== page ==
False Compassion by Bobby Schindler
This month the sad case of Lauren Richardson made headlines. The similarities between her situation and my sister Terri Schiavo's are striking and deeply disturbing. Lauren suffered a profound brain injury in 2006, leaving her dependent on others for her care. Like Terri, she is not hooked up to machines, is not comatose and is unquestionably very much alive.
As in Terri's case, a judge, based on hearsay evidence that this is Lauren's wish, has decided to err on the side of death and starve and dehydrate this young woman until she dies. The judge is also convinced that Lauren is in the often wrongly diagnosed (and offensively named) condition known as "persistent vegetative state" (PVS). Unfortunately, some in the media have already begun their campaign to justify Lauren's needless and heartless dehydration.For example, recently on the Fox News Channel program "Hannity & Colmes," co-host Alan Colmes incorrectly referred to this brain-injured girl as being "brain dead" — a tactic often used by dehydration supporters in the mainstream media to dehumanize Terri throughout her ordeal.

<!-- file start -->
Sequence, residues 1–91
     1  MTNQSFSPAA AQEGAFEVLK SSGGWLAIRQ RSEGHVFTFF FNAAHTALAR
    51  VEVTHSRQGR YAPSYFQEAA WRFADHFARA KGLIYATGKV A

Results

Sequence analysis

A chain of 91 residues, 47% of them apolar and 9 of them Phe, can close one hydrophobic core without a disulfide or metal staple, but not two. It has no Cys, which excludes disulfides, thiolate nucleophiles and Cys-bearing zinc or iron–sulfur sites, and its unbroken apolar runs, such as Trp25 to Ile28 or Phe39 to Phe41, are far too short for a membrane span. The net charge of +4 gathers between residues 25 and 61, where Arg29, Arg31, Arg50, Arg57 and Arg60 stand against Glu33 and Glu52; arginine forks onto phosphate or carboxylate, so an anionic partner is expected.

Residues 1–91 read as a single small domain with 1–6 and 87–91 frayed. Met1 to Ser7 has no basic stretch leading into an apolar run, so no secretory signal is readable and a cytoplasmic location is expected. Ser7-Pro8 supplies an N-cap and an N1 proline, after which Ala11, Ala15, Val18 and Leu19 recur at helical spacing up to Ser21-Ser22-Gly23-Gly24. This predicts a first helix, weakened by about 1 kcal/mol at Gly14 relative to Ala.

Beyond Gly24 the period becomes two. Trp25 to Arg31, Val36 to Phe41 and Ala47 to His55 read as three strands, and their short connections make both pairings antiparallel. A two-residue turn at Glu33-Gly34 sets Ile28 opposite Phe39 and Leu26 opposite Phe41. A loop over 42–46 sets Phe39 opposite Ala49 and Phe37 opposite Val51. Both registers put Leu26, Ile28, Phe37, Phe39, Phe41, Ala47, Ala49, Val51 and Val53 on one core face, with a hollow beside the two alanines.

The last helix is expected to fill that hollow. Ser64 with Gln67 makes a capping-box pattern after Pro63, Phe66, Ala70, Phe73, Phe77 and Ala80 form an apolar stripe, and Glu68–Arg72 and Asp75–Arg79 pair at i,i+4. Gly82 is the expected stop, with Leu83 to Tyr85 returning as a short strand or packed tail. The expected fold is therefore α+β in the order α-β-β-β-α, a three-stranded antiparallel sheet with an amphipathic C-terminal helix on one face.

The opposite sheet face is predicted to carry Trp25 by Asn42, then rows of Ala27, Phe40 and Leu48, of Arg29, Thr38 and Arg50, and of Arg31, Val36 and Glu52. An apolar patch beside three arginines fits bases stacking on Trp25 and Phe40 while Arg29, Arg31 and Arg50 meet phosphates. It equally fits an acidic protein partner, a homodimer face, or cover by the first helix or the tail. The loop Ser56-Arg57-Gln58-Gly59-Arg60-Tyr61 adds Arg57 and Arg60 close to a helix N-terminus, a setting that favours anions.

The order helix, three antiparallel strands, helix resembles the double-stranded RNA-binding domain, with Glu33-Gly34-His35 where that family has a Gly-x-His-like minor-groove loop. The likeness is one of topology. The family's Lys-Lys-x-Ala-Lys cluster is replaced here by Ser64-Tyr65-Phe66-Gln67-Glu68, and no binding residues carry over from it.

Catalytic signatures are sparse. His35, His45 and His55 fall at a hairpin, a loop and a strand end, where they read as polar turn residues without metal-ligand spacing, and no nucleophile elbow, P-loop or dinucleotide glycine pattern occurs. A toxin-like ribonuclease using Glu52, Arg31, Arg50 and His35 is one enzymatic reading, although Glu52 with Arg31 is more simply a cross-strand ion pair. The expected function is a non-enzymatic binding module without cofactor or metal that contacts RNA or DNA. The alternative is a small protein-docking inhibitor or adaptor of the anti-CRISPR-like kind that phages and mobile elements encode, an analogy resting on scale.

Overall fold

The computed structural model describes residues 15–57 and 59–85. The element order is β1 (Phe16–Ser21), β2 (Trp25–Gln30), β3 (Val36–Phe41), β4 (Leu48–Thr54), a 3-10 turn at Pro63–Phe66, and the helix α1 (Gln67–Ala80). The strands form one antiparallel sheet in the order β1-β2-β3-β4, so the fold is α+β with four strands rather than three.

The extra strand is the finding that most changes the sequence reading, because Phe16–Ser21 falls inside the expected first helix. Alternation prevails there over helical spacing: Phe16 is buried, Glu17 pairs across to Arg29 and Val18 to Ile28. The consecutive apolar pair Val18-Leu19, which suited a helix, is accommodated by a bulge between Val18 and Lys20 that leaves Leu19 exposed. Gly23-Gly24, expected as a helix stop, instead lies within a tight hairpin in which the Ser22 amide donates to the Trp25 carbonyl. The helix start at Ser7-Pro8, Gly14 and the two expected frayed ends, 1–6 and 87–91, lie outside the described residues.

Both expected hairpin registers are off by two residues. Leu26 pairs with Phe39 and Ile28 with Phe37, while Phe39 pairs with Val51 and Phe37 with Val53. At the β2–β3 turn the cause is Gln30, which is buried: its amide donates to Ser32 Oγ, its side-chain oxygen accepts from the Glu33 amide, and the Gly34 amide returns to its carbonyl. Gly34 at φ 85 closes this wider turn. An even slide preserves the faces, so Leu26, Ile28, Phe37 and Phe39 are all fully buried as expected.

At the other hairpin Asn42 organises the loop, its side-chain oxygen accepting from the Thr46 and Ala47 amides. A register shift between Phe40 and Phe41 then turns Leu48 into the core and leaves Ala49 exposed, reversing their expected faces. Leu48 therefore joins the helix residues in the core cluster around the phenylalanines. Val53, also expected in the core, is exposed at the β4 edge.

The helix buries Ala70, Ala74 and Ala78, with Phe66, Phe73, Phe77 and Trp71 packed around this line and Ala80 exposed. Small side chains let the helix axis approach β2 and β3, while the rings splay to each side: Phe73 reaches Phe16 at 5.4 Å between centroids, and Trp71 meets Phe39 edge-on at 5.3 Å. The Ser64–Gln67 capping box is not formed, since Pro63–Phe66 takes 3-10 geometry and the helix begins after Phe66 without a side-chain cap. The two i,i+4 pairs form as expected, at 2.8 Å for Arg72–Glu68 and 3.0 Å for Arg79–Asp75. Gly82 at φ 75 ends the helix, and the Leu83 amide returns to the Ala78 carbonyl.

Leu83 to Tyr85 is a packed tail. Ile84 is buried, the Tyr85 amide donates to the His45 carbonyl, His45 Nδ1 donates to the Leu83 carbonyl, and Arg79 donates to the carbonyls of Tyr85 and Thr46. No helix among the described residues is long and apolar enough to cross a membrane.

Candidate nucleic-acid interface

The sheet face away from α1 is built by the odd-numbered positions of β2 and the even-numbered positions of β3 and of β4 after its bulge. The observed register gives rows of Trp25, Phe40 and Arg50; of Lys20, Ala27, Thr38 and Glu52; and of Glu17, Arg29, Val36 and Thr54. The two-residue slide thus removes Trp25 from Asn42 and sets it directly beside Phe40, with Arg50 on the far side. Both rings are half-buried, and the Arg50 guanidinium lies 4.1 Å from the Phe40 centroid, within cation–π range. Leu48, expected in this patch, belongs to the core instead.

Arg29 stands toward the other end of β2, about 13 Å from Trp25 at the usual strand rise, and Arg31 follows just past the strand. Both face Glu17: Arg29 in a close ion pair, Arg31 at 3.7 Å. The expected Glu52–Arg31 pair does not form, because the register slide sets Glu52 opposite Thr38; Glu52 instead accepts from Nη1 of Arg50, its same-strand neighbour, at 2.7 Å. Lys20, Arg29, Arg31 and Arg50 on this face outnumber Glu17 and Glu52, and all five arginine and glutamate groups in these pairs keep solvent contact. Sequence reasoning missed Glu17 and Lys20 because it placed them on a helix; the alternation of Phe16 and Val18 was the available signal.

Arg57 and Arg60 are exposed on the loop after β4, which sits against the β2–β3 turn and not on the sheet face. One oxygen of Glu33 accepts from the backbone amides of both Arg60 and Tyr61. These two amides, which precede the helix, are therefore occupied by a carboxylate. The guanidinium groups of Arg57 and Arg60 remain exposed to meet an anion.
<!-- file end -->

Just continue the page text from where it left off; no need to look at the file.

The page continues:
As was the case with my sister, you will soon undoubtedly see the media drumbeat begin: "Just allow this woman to die," in order to somehow convince the general public that it is "right" to "end this poor woman's suffering." (Never mind the statement's inherent contradiction: if she is truly unconscious, she is not suffering.) However, Lauren is not dying, does not have a terminal disease and her brain injury is not killing her. Just like the estimated tens of thousands of persons in similar conditions, Lauren is only being sustained by the same thing we all need to live — food and water. And there is a loving father willing and wanting to care for his daughter.